Art of the CityIn his column of May 23, Barry Rascovar...

LETTERS TO THE EDITOR

June 07, 1993

Art of the City

In his column of May 23, Barry Rascovar complains that the citizens of the counties surrounding Baltimore are "ripping off the city" because Baltimore County can only find a "paltry $912,361" to contribute to the city for its cultural institutions.

In these times of budget and service cuts, these institutions should be grateful for any contribution and not complain about its size.

The "skimpy $97,650" that Baltimore County gave to the Baltimore Museum of Art would have been enough to keep open our local rec center, which was closed due to budget restraints.

Another portion of that "paltry $912,361" could have been used to keep open the many branches of the county library which have also been closed.

These institutions help give our children a total education, not just a cultural one.

Instead of being disgruntled because more county residents visit the BMA than city residents, perhaps the city should encourage more of its own residents to avail themselves of the opportunity to visit this and other cultural establishments. The BMA should be happy that they are getting over 300,000 area visitors per year and not be concerned with what zip code they are visiting from.

Mr. Rascovar suggests a sliding surcharge on county residents for all arts admissions, depending on what their county donates to the city for its cultural establishments.

Since he feels that all we have to offer are shopping malls, would it be fair for the county to charge a higher sales tax on people who live in the city but shop in the county?

Baltimore City already receives the lion's share of financial aid from state and federal taxes which are disbursed in this area. I believe that since some of my state and federal taxes are already being doled out to the city to keep it running, my county taxes should stay right where they came from.

Steven P. Strohmier

Dundalk

The Militia

Anti-gun activist Jane F. Caplan's attack against Americans' firearms rights (letter, May 19) held no surprises. With U.S. history, law, hard facts and public opinion opposing her extreme and peculiar views, Ms. Caplan had little choice but to rely upon the worn-out propaganda and hateful insults that have become the anti-gun crowd's trademark.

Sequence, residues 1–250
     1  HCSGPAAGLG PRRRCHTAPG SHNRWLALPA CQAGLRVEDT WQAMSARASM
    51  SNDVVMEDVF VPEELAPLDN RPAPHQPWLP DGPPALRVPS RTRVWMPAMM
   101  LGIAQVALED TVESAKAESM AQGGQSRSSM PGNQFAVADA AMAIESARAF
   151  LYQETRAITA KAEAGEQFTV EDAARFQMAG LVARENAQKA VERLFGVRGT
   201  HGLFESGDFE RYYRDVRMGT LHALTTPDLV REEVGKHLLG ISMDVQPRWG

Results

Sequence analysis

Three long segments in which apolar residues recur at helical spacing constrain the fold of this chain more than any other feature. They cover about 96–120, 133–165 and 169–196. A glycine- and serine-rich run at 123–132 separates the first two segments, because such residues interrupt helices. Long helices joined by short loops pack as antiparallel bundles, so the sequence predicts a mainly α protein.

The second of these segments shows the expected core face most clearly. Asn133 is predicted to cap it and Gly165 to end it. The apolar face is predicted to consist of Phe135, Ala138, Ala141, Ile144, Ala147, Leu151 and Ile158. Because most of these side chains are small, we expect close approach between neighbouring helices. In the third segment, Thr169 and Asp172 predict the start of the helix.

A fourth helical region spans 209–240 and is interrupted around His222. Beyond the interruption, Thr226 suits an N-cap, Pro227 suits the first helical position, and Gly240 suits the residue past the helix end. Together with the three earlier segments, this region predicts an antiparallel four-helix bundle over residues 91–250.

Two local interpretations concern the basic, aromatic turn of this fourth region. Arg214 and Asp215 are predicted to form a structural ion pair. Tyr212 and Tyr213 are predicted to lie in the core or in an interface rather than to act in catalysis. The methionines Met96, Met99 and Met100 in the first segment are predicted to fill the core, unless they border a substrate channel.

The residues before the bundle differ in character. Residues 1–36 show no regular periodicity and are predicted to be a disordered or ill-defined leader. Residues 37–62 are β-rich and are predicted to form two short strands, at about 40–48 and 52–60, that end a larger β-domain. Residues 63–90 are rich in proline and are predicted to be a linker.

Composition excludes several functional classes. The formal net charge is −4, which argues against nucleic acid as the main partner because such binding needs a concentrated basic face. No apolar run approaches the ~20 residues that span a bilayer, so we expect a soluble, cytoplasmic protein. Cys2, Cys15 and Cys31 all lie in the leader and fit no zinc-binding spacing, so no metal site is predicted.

Her conspicuously vague reference to the "militia" failed to buttress her unsupported claim that federal courts have "consistently ruled" that individual Americans have no firearms rights under the Second Amendment to the U.S. Constitution. She had reason to be vague about the militia and court decisions, however. Hard facts contradict her argument.

The Militia Act (1792) established as the militia the able-bodied male citizenry in the states. The Dick Act (1903) provided that "the militia shall consist of every able-bodied male citizen . . . more that 18 and less than 45 years of age."

In U.S. vs. Miller (1939), the Supreme Court noted that the militia comprise "all males physically capable of acting in concert for the common defense" using "arms supplied by themselves."

In U.S. vs. Verdugo-Urquidez (1990), the court observed that "the people" whose firearms rights are protected by the Second Amendment are the "people" whose other rights are protected by the First, Fourth, Ninth and Tenth Amendments -- "persons who are part of a national community."

Finally, Ms. Caplan's crude name-calling against the National Rifle Association -- whose 3.1 million members include U.S. presidents, senators, representatives and military heroes, as well police officers and other honorable Americans -- revealed a character as malicious as her attack upon "the right of the people to keep and bear arms."

Mark H. Overstreet

Washington

The writer is a research and information officer of the National Rifle Association.

Berger's Chutzpah

I'm writing about the May 22 article pertaining to the method of choosing personnel for Baltimore County schools.

I could barely finish reading the article because the red was clouding my vision.

Community input and parental involvement are interesting ideas. Advertising in out-of-town papers and flying "candidates" in at the expense of the Baltimore County school system is outrageous.

Dr. Berger has given a new definition to the word "chutzpah" when he spends the money taken from my paycheck and that of my colleagues to fly in people to be interviewed for positions that can be filled many times over by eminently qualified teachers and administrators right here.

The positions of principal and the supervisory jobs named are all important and highly sensitive ones. However, the jobs are not of the caliber that dictate the need for a national search.

Very few people have had experience running a school system, and a school board search is warranted, but many of my current colleagues in Baltimore County are trained, experienced and ready to move into other top leadership roles.

Where is our school board? Why are the members allowing funds to be used in this way? Someone needs to oversee responsibly Dr. Berger's fiscal priorities.

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